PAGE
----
The present study is a retrospective observational study done in the transfusion medicine department in a tertiary care hospital in South India. All patient details were obtained from hospital records (TPE register). We analyzed all cases that underwent TPE from January 2017 to July 2021. Out of 153 patients who underwent plasma exchange procedures during this period, ten cases of NMO were diagnosed and managed with TPE. Patients were evaluated in the emergency department and outpatient department's, and those with suspicion of NMO with unstable vitals were shifted to medicine intensive care unit (ICU) and planned for TPE. The study duration was 4 year and 6 months. We hardly get 1–3 patients of NMO per year for TPE. Our hospital is tertiary care referral center. Each year we do TPE for 30–40 patients (100–150 procedures). Out of these, only one to three cases are of NMO. All cases TPE done in medicine ICU. Most of them were complicated and sick patients. Confirmation of diagnosis was done subsequently with either magnetic resonance imaging (MRI) or antibody identification or both. The procedure was initiated as early as possible in ICU. All subclavian, jugular, or femoral veins were used for the procedure. Prior to the procedure, the flow of the central line was checked.

Preprocedural vitals were recorded, and periodical vitals monitoring was also done. Haemonetics (MCS + 9000) was used for the procedure, and a TPE kit was used. The patient's plasma volume was calculated, and replacement volume and solution were estimated. As per our SOP, 60% of normal saline and 40% of fresh-frozen plasma (FFP)/albumin was used as replacement fluid. Each FFP volume of approximately 150 ml and 5% human albumin (500 ml); reconstituted from 20% bottle was used. Calcium supplementation was done through peripheral line routinely to prevent citrate toxicity, and 10 ml of 10% calcium gluconate was given slowly over 45 min to 1 h. One plasma volume was exchanged in each case. Alternate day cycles for a minimum of five cycles were planned. In one case when the patient was desaturated in the second procedure, and the procedure had to be aborted. Total duration of 3–5 h was required depending on the plasma volume and blood flow in the patient's line. Routine complete blood count, electrolytes, and serum calcium were sent every day, and any abnormalities were corrected immediately. Postprocedure vitals were taken, and the patient was evaluated clinically before the next cycle.


   Results Top


Of 10 patients, 5 were male and 5 were female, with the median age being 24 years (18–63) [Table 1]. Blood group distribution was 3 O positive, 4 B positive, 2 A positive, and 1 AB positive. Most of the patients underwent five cycles of TPE except two patients who underwent 2 and 7 cycles, respectively. The average duration of initiation of TPE was around 8 days after the initiation of symptoms. Methylprednisolone was started in 6 cases either simultaneously or prior to the procedure. Single volume exchange was done in all the cases, and an average of 2400 ml of plasma volume was exchanged using normal saline and FFP's. In 2 cases, 5% albumin was used as a colloid replacement. Our study found out that 6 of our patients (60%) had improvement clinically with an increase in baseline power of limbs from 0–2/5 to 3–5/5. However, two patients expired after despite TPE. The other two patients did not show any improvement. Four of our patients started showing clinical improvement after 2nd–3rd cycles of treatment. TPE was initiated early (within 5 days). Since none of our patients had visual involvement, this aspect could not be observed. There were no notable events in most of the procedures except in one procedure where the patient developed hypotension, her saturation started to drop, and the procedure had to be aborted.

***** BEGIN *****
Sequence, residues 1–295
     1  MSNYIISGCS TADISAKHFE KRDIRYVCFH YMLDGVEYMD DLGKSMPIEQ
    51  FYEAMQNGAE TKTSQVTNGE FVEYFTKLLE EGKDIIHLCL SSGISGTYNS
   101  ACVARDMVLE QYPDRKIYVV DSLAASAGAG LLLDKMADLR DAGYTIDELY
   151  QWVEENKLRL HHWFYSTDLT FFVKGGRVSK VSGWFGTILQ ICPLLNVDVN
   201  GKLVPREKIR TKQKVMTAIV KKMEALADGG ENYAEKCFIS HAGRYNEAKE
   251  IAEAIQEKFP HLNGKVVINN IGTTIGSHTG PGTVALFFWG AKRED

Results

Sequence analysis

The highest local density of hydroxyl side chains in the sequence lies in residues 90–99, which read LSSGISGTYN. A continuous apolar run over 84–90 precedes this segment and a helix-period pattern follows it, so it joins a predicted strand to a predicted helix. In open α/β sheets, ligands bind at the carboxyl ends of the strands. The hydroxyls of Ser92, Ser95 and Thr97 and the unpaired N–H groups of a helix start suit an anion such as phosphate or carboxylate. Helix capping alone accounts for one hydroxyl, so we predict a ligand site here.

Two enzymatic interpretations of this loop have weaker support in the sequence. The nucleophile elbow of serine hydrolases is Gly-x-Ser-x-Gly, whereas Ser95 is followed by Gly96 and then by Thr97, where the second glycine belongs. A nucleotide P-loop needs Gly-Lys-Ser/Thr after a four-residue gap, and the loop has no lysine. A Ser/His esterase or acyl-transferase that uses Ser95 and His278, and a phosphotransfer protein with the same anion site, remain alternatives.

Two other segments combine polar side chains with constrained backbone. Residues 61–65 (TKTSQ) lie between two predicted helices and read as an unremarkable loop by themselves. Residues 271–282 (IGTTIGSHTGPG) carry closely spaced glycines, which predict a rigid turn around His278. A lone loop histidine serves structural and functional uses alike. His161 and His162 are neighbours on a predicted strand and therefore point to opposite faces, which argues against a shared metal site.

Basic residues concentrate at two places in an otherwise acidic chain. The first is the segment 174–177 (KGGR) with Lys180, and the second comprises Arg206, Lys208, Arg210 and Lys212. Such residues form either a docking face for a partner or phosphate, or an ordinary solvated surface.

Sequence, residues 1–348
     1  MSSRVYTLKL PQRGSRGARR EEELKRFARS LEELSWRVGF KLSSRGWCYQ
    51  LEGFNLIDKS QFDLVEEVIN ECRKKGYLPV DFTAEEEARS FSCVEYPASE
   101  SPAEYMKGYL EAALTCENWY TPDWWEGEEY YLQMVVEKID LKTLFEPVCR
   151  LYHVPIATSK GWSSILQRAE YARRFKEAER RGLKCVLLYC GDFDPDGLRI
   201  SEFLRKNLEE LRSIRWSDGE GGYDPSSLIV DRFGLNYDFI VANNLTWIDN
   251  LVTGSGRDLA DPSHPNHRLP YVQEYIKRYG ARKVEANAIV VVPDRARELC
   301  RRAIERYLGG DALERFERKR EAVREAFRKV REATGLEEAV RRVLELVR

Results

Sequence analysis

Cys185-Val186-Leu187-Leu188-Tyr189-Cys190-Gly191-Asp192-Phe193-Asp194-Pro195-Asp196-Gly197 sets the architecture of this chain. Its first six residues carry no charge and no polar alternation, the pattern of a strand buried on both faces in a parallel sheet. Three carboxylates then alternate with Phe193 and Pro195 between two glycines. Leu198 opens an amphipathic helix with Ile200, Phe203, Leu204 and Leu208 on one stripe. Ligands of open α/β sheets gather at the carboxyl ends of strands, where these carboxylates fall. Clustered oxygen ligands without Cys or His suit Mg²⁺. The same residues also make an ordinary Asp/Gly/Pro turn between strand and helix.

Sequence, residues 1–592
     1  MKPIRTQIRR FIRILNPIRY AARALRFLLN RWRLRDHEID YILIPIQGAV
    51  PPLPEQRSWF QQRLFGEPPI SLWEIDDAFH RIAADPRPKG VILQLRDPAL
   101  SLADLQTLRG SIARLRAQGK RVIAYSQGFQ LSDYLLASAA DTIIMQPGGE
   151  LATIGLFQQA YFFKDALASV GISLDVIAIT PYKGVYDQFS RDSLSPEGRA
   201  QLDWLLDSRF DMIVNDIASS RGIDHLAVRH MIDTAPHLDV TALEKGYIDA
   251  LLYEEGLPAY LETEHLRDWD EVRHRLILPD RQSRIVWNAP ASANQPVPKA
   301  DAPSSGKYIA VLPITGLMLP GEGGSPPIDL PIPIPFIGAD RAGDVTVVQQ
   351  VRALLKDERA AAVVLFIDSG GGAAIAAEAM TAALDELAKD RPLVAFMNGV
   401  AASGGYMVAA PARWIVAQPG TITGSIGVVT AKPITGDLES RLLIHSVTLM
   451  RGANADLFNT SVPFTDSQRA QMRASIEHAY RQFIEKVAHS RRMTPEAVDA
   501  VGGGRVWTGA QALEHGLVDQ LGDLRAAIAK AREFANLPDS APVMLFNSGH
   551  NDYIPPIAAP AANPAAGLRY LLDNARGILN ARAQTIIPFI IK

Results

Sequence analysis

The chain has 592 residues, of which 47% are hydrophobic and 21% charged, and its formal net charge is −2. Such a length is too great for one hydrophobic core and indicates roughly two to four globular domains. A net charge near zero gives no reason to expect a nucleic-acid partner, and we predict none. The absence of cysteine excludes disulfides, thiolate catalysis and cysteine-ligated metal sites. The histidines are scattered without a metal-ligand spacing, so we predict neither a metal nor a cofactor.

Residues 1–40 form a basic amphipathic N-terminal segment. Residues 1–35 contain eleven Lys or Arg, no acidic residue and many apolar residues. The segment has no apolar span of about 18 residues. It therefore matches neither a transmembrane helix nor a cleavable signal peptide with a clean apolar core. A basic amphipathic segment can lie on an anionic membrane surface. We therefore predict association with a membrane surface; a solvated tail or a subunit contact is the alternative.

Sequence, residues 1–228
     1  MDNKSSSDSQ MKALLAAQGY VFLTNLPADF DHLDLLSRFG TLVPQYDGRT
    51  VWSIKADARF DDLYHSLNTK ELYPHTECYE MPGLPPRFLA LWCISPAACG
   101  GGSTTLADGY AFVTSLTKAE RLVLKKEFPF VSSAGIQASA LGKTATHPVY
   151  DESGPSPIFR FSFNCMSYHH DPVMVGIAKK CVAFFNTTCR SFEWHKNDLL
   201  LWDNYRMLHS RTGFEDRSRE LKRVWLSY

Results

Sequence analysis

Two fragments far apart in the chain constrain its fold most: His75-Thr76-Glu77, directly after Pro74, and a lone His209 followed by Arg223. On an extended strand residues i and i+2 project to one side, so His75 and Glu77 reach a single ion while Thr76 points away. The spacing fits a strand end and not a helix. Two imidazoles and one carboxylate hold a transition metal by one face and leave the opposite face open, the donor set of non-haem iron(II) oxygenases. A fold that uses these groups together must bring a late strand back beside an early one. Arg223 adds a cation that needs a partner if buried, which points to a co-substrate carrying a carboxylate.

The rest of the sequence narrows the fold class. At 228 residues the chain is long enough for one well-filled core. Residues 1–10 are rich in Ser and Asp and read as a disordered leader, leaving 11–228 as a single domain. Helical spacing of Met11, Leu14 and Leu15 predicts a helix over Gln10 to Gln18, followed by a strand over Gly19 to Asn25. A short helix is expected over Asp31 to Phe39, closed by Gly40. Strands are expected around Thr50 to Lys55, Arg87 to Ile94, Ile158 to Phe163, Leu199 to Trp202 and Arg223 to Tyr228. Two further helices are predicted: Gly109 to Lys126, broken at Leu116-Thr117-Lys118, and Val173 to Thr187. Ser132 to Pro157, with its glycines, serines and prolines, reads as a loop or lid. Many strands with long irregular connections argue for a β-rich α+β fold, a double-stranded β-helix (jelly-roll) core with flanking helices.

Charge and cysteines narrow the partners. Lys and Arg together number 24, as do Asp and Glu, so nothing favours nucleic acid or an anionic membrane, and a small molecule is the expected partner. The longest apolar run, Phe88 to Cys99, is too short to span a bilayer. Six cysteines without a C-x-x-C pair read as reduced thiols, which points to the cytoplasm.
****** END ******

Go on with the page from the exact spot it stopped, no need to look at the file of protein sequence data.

Table 1: Demographic Characteristics, TPE details & Outcome of the Patients

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   Discussion Top


NMO is a neurological disorder affecting the optic nerve and spinal cord segments. NMO can have either a monophasic or relapsing course. Approximately 90% of patients with NMO have relapsing course, which has a poor prognosis: 50% of patients become legally blind or wheelchair-bound, and 30% die of respiratory failure within 5 years. The disease may worsen by incomplete recovery with each acute attack. Autoantibodies against AQP4-IgG at the blood-brain barrier are pathogenic in NMO. IgG binding to AQP4 leads to complement-dependent astrocyte cytotoxicity, cytokine release, leukocyte infiltration, and blood-brain barrier disruption, resulting in loss of myelin, oligodendrocyte death, and neurons death. Antibodies to myelin oligodendrocyte glycoprotein-IgG are a marker of autoimmune Optic Neuritis and often longitudinally extensive transverse myelitis (LETM). Since steroids only cause immunomodulatory effects, more focus should be laid on the ultimate treatment for this disease and plasma exchange is one of the evolving modes of treatment for the case in recent years. We also initiated plasma exchange in 10 diagnosed cases of NMO who did not show improvement despite steroid treatment. Four of our patients started showing clinical improvement after the 2nd–3rd cycles of treatment, and such a clinical response could suggest a significant, pathogenic role of humoral immune factors in these patients. NMO-IgG potentially plays a direct and significant role in the pathogenesis of NMO, and removal of NMO IgG might be playing a significant role in the therapeutic efficacy of PE in NMO.